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Over 40% of Wisconsinites claim German as their primary ancestry (nearly 70% in some communities) and much local history has been documented in the German language. Personal correspondence between German Americans and relatives in Europe, as well as among German-Americans themselves, sheds a fascinating light on the American story that is often overlooked since most Americans today do not speak German let alone read the script in which the language used to be written. It is the mission of the Max Kade Institute to preserve these documents, make them widely accessible to the general public and researchers alike, and interpret them for today's readers.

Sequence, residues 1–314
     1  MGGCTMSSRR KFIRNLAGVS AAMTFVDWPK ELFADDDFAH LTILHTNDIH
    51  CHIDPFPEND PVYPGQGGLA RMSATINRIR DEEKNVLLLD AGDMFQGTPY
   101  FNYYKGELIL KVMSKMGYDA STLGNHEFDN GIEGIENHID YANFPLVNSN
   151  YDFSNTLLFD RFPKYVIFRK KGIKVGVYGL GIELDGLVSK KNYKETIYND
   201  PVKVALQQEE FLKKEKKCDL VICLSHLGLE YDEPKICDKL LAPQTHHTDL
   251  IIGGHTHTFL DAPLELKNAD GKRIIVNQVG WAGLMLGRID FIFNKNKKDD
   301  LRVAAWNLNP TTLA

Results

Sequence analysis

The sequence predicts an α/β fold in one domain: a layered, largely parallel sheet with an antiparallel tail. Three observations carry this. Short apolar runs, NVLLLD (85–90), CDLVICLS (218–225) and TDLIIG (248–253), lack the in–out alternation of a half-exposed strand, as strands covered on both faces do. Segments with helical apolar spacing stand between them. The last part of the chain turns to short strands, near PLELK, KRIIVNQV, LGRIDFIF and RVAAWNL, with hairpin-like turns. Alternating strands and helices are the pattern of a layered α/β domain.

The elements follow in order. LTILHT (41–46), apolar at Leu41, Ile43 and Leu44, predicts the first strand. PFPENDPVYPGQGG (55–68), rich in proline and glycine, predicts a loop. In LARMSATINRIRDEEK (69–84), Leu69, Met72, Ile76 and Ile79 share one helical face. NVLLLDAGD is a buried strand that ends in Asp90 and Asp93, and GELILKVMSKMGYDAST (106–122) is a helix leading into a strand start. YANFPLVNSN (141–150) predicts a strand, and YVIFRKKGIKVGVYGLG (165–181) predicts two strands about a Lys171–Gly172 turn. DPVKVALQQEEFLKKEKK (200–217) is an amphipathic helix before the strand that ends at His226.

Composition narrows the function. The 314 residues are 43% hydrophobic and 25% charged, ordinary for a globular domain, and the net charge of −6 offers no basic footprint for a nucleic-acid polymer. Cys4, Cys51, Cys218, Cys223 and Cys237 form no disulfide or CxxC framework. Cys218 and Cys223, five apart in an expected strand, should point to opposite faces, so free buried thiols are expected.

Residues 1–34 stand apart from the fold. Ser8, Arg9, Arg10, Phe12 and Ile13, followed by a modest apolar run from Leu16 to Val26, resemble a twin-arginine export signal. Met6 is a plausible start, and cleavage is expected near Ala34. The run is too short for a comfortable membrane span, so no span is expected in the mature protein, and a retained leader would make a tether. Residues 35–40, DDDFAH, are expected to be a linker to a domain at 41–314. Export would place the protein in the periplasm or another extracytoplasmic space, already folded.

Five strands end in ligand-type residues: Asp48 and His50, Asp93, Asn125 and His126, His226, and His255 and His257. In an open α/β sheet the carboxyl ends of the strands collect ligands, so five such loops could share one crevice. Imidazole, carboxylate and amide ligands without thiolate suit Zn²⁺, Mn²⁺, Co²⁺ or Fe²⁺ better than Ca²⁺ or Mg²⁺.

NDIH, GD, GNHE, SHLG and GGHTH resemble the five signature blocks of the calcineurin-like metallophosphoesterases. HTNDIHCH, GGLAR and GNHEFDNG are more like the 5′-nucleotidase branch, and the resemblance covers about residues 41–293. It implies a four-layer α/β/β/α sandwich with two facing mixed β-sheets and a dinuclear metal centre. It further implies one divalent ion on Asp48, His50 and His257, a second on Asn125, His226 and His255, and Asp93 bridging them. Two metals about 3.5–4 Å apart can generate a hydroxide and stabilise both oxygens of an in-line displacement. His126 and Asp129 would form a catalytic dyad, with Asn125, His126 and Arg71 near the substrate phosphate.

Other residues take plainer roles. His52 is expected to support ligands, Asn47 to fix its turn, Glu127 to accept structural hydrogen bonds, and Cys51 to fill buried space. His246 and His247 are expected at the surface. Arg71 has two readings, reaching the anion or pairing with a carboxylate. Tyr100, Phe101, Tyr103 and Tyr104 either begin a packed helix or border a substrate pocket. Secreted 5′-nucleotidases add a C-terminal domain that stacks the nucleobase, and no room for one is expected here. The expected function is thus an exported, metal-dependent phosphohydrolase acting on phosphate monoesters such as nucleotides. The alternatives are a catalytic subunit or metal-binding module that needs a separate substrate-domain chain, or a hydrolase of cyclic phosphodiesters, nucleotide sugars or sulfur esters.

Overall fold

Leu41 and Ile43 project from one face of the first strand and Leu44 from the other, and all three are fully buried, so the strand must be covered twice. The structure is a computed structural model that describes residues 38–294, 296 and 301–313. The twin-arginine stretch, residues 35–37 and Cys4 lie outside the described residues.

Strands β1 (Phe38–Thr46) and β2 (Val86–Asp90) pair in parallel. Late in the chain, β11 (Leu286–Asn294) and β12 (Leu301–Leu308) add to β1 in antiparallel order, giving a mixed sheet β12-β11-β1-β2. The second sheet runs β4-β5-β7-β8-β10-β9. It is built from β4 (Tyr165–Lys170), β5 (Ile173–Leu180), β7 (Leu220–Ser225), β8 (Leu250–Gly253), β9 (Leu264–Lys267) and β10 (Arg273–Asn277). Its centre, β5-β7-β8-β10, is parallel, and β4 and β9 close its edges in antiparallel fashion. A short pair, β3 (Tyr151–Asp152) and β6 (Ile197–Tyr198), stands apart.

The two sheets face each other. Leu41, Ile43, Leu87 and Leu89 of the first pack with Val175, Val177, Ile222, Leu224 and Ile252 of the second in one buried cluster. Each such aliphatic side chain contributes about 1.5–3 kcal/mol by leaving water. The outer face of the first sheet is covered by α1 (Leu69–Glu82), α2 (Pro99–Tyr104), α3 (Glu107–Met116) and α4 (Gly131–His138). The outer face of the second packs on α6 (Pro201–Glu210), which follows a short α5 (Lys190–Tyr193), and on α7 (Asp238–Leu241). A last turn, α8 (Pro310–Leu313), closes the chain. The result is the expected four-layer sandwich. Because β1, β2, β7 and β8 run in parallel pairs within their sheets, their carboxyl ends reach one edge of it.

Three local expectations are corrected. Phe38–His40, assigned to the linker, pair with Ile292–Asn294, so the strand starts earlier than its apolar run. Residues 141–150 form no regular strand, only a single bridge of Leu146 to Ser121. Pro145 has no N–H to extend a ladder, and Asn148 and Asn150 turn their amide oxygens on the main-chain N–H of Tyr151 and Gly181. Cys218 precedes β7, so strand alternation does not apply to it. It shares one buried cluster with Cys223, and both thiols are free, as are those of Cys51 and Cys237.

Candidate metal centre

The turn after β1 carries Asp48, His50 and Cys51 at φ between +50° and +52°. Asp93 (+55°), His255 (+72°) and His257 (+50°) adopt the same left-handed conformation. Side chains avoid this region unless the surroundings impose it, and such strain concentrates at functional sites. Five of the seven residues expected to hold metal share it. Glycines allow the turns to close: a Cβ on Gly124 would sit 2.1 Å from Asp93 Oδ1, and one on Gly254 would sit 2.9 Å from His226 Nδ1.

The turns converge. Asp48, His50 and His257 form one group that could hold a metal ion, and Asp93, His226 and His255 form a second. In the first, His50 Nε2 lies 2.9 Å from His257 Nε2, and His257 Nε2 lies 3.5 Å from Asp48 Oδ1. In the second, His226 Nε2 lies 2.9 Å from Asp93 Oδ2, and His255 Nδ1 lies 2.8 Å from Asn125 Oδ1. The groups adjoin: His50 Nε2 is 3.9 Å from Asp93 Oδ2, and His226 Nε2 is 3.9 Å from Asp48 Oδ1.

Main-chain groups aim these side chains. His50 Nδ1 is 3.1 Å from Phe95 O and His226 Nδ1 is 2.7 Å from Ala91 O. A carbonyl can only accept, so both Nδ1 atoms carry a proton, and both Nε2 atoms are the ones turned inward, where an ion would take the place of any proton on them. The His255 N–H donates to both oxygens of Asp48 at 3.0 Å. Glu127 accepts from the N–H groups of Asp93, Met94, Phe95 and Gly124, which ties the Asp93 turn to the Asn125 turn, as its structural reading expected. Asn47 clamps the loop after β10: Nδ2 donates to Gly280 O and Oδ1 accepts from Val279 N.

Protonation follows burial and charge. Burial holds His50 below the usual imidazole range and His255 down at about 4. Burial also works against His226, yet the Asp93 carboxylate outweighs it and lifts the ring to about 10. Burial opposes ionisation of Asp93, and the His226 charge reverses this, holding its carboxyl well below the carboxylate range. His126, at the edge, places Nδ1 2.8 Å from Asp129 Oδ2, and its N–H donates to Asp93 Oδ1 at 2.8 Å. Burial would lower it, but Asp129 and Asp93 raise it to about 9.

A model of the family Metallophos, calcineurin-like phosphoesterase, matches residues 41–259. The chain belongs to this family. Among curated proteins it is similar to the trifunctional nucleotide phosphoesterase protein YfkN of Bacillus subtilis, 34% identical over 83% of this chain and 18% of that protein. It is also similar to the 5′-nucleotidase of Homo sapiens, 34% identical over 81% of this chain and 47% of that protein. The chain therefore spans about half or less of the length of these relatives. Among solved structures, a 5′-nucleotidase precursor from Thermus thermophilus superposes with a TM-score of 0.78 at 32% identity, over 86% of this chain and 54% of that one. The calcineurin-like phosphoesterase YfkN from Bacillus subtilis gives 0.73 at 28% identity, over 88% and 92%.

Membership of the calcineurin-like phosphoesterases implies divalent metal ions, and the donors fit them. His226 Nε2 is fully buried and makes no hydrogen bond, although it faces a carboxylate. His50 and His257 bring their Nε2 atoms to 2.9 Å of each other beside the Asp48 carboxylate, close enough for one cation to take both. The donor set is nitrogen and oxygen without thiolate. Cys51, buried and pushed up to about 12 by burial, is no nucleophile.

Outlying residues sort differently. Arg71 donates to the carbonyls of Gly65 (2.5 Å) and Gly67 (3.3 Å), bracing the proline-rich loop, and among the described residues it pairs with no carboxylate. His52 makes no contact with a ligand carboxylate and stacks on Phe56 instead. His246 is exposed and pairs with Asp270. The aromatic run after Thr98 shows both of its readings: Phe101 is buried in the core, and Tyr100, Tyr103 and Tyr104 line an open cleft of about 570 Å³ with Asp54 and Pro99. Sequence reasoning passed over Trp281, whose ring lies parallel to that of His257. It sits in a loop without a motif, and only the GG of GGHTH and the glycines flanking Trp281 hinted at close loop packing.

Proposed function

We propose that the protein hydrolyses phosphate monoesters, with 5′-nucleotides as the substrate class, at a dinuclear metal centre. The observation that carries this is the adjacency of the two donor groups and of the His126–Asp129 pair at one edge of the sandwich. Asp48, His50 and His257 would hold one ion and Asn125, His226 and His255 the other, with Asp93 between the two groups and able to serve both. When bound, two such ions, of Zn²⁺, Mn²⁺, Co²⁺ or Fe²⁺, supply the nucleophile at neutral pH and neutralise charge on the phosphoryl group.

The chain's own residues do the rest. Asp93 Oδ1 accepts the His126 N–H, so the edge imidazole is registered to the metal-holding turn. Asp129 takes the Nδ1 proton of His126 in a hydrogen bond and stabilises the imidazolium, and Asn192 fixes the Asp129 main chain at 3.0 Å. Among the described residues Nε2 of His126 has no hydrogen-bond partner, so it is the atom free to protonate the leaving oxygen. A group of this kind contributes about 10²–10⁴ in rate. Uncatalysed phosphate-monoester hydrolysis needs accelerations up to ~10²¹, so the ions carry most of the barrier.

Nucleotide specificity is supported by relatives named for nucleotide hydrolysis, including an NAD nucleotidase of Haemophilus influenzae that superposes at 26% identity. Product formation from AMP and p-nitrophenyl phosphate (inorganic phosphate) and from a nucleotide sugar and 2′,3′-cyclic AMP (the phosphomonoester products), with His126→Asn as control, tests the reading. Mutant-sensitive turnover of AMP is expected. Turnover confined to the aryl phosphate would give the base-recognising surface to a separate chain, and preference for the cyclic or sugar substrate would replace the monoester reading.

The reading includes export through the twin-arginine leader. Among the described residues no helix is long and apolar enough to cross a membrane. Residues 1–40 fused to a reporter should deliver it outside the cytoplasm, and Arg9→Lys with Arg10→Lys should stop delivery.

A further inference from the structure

Letters in this collection currently include the Jacob and Franziska Sternberger Collection (1809–1900s). Jacob (Jakob) Sternberger came from a prominent family in Kaaden, Bohemia (now Kadan, Czech Republic). As a student at the Charles University in Prague he had been involved in the revolutionary movement spreading across the German states and fled to the United States in 1850, where he purchased a farm in Portage, Columbia County, Wisconsin. In 1851 he tried to establish on his farm the nucleus of a utopian society called "Marienstern" where, among other things, there was no private property, every community member had an equal voice in decision-making, and women were regarded as equals in every respect. In 1861, at age 39, Jakob Sternberger voluntarily enlisted in the Union Army and fought for his ideals in the Civil War. On November 4, 1865, Sternberger married Franziska Leute in Columbus, Wisconsin.